Artists are sensitive. We're insecure. We need to be lifted up, dusted off and encouraged.


This is on “Piano Man,” but the definitive take is on “Songs In The Attic.” Never a hit, it's as important to Billy's canon as the songs that charted.

“From a town known as Oyster Bay, Long Island
Rode a boy with a six-pack in his hand”

We all come from somewhere. Usually unhip, where we were an outcast. We migrated to the city to find like-minded people, to reinvent ourselves, to make it.

Billy's a product of the suburbs. He wanted to GET OUT!


“Streetlife serenader
Never sang on stages
Needs no orchestration
Melody comes easy”

Not everybody makes it. We all know naturals without the gumption, without the breaks. And when we listen to them, we're reminded of what we thought would once be.

Billy decries the “Streetlife Serenader” album, says it was rushed, sounds wrong and doesn't deliver, he wouldn't even let it get released in Australia, for fear of hurting his momentum. But if you ever listened to a Broadway cast album, if you believe music doesn't have to be hard-edged, but can be smooth and soothing…the sound of “Streetlife Serenader” will entrance you.


Another song whose definitive version is on “Songs In The Attic.”
There was a real house, a real location that inspired this song.
And for artists, who feel more than we do and translate for us…
It's always either sadness or euphoria, they're not even-keeled.


“But I'm taking a Greyhound>
On the Hudson River Line
I'm in a New York state of mind”

He was. On a Greyhound. Returning from the west coast, to reside on the Hudson in a house Elizabeth rented. He landed at the airport and got on the bus, back before everybody had a black car waiting, never mind a private jet delivering them, and on the ride up… Billy was inspired. He didn't know he was composing the definitive statement, but when he got to his new house he went to the piano and immediately wrote this. A track that marinated for decades before it found its rightful place as the anthem of New York in the wake of 9/11.


Inspired by the famous newspaper headline, Ford telling New York City to drop dead, it's written from the perspective of years hence, from a Jew in Miami, telling those who were not there what happened.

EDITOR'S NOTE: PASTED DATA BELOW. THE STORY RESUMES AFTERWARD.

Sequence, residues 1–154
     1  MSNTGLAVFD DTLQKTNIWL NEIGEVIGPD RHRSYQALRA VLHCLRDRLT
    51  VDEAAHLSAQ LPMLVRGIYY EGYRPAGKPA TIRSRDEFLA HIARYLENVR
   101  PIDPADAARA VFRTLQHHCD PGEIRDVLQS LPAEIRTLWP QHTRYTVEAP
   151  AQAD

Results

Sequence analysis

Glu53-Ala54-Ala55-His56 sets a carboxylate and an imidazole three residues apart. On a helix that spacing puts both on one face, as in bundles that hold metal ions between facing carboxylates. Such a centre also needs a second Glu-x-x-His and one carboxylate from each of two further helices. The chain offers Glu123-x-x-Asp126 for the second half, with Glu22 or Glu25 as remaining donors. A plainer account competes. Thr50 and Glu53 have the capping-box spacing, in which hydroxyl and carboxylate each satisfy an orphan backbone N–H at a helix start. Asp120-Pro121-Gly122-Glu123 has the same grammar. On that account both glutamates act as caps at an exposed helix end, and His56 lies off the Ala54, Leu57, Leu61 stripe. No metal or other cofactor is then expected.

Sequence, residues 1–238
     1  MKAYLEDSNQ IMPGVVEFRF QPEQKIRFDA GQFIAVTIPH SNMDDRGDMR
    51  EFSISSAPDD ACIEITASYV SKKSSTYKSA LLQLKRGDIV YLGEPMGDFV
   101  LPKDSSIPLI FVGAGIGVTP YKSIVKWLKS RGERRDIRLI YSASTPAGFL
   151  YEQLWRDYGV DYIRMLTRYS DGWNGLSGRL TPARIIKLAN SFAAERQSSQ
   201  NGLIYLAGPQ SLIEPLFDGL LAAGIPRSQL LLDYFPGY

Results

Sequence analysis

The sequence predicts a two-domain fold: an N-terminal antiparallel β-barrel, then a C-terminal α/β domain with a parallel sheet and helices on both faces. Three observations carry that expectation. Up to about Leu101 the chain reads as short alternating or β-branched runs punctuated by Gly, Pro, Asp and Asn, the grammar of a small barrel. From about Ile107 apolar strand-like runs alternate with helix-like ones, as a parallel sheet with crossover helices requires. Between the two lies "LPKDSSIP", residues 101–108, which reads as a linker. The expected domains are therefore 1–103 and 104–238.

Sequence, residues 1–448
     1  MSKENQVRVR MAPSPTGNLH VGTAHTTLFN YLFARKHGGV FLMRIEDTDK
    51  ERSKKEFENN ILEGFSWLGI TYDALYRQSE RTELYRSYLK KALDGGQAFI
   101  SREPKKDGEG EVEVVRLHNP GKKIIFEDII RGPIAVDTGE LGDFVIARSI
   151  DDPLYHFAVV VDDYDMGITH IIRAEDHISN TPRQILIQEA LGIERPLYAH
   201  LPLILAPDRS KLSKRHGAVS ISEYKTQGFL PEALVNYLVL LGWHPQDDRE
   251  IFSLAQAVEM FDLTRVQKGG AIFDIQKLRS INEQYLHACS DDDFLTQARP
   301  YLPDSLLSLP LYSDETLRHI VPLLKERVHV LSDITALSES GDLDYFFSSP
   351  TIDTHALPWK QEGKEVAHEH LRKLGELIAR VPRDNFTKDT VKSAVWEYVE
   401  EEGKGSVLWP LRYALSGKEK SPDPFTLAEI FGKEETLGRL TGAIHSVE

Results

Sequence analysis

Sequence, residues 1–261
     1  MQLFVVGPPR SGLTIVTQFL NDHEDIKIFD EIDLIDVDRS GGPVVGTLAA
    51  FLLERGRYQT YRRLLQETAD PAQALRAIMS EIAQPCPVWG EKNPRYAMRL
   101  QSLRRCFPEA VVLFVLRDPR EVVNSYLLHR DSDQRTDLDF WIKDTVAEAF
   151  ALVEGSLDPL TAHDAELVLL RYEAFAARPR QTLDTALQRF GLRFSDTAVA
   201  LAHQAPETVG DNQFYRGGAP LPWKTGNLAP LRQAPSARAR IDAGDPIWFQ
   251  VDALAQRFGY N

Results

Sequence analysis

And one great thing in the book is learning of the Joel factory in Nuremberg. The family had money, the Nazis took the business, at least Billy's grandfather escaped, ultimately going to Cuba and then America. We're all immigrants. Our desire to make something of ourselves makes our country great.


“Don't go changin'…”

Sappy. Even Billy thought so. But it's this standard that made his career. He didn't even want to put it on the album, Linda Ronstadt had to tell him it was a hit. Write one song this good and you can live forever. Write more…


“A bottle of red, a bottle of white
It all depends on your appetite
I'll meet you any time you want
In our Italian restaurant”

Back when they had Chianti bottles hanging from the ceiling, before foodie culture told hold and everywhere there were Italians there were red- checked tablecloth joints where we met and drank and told our stories. That's what's great about the east coast, the dialogue, the stories. Doesn't matter who you are and what you've done so much as how well you tell it!

And the best of us told their stories in song.

We were addicted to not only the radio, but our records. They were our truth.

But that was back in 1975, when Brenda and Eddie were still in their prime, right after their divorce, before they gained weight, got sick and had their dreams dashed.

No one believed like we baby boomers. We thought we controlled the world. Still do, even if it's untrue.

And the integral element wasn't our smartphones, but our music.

Our social network was radio. We went to the gig to convene with our brethren.

And you wonder why we go in droves to see our heroes perform their hits.

Because they're our songs.

And Billy wrote a whole hell of a lot of 'em.